We all want to focus on our core business. But neglecting your marketing in a busy period sets you up for a fall.

Psychotherapy is a cyclical business. During your “boom” periods, you should actually be shoring up your client base to prepare for the “bust” periods.

Marketing is the way to keep a rolling client base, rather than being surprised when business dries up.

Serious businesses don’t use marketing strategies to patch up holes in their customer base. They’re actually marketing all the time to bring in new customers. By the time your profits start dropping, it may already be too late!

Not Using Reputation

If you’re good at what you do, then your customers should be lining up to share their stories.

Many psychotherapists miss out on this opportunity. In this age of influencers, word of mouth is often more important than traditional marketing. Don’t be afraid to urge your customers to market for you.

Of course, you don’t want to make this sound cynical. Prompt customers to share their positive experiences and success stories. Also urge them to leave feedback about your service.

Both of these will build the credibility of your brand. They also ensure that clients are likely to recommend you to friends, family, and their online social circle.

If you fail to capitalize on your reputation, you can miss out on free psychotherapy marketing. Studies show that people are much more likely to take positive actions with a brand after they’re prompted.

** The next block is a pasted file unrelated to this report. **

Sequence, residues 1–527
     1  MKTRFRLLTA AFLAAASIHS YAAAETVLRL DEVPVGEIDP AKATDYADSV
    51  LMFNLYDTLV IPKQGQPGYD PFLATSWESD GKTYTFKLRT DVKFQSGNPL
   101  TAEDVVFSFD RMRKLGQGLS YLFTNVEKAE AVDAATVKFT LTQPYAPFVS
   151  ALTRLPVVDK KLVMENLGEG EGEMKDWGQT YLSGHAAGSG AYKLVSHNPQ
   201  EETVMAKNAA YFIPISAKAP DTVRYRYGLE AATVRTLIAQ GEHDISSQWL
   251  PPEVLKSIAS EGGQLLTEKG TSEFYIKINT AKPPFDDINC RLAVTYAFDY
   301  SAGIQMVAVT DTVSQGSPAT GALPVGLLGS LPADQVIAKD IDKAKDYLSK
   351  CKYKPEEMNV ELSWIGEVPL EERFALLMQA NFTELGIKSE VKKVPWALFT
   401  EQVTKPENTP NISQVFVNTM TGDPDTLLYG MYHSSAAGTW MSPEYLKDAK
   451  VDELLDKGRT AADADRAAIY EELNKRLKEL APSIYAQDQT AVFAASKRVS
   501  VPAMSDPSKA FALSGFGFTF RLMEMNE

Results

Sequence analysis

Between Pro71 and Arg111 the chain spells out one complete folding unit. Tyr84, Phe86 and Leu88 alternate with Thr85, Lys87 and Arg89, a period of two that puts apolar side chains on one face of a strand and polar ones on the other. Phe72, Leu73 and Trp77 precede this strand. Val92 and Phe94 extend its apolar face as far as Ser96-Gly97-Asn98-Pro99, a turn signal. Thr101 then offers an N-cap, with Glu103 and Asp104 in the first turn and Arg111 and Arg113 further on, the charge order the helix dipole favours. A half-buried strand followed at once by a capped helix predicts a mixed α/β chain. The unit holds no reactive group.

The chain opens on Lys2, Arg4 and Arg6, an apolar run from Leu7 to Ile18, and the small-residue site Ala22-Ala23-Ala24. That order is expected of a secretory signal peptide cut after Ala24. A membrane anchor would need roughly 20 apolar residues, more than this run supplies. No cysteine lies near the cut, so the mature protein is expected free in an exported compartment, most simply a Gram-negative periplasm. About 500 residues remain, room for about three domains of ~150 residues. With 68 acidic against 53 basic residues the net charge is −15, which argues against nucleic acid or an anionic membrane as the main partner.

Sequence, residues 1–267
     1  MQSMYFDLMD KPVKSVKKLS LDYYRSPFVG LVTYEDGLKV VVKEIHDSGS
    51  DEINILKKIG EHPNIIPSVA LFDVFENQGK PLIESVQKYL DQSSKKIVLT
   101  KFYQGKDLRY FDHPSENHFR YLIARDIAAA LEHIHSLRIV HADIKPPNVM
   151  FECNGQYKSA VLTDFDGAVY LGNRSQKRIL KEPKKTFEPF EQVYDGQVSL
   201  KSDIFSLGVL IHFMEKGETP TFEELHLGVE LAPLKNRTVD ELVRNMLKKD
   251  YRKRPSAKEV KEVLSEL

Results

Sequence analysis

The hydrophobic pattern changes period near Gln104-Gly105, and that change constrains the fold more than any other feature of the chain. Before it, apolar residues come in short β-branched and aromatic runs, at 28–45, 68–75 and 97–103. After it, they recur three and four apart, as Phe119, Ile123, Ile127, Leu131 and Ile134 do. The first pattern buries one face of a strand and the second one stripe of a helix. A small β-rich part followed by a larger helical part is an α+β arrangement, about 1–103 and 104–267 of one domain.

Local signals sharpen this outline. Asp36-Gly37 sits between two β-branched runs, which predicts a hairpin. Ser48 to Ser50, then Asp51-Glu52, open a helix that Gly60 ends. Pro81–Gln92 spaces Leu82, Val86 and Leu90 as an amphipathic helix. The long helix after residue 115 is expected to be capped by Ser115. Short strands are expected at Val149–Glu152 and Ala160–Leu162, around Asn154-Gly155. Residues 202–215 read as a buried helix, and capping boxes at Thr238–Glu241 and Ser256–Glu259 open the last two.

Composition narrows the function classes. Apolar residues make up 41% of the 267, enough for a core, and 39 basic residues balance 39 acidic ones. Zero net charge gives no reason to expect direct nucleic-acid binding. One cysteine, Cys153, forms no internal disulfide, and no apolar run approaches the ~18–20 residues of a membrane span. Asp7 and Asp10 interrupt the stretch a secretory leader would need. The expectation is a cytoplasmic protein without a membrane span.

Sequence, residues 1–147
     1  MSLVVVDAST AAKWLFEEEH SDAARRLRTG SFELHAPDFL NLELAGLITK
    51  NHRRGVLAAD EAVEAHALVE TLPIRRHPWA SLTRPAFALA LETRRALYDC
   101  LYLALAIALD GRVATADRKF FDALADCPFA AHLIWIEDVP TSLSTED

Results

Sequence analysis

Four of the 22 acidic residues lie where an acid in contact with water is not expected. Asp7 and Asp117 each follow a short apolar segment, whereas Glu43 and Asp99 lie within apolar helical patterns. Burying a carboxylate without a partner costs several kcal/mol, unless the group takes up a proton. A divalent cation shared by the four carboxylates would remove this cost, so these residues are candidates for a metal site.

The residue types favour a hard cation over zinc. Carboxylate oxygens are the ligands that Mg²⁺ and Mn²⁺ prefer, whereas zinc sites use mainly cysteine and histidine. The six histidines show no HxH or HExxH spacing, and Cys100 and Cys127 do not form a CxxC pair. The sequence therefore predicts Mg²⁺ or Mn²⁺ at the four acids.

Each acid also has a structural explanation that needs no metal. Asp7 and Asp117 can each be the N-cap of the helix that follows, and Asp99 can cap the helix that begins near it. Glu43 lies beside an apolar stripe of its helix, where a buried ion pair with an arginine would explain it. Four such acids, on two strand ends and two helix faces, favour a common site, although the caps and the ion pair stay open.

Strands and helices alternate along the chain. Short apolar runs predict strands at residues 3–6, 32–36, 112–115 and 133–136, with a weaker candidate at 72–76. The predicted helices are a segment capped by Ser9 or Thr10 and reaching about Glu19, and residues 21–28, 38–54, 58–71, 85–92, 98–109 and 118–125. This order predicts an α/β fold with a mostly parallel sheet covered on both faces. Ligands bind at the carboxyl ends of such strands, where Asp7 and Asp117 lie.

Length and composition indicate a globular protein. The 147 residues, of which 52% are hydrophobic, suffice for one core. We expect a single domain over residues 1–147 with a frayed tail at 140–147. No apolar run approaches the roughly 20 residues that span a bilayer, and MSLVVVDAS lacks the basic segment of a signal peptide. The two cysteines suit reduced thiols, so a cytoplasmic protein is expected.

No Growth Strategy

Along with your psychotherapy marketing strategy, you need a growth strategy. Whether you embrace it or not, you’re a business. That means you need to think about how you want to grow.

The idea behind creating a growth strategy is to align your actions with your goals to help realize them. An effective growth strategy will actually give you an idea about how to plan and execute your marketing strategy.

The most underappreciated aspect of a growth strategy is identifying risk. By putting together a strategy, you also think through the challenges you face.

This could help you define and correct weaknesses in your message or operation. These weaknesses could mean the end for your practice down the line if not addressed.

Without a growth strategy, you can’t have a serious marketing strategy. You won’t know how much money to spend or how much time to invest in marketing.

You also won’t know if you need outside help. You won’t know what clients you’re reaching out to.

If you don’t have a growth strategy, you’re basically marketing blind.

Psychotherapy Marketing is Vital

Even if you aren’t a business-focused psychotherapist, you can’t afford to ignore your marketing. At the very least, it’s what will attract new clients to you.

By keeping the above advice in mind, you can make the most of your marketing and keep your business expanding.

Be sure to follow our blog for more marketing advice and guides!

Digital Marketer

Will Peters Digital Marketer

A digital marketing innovator with a passion for building the most effective sales & marketing campaigns.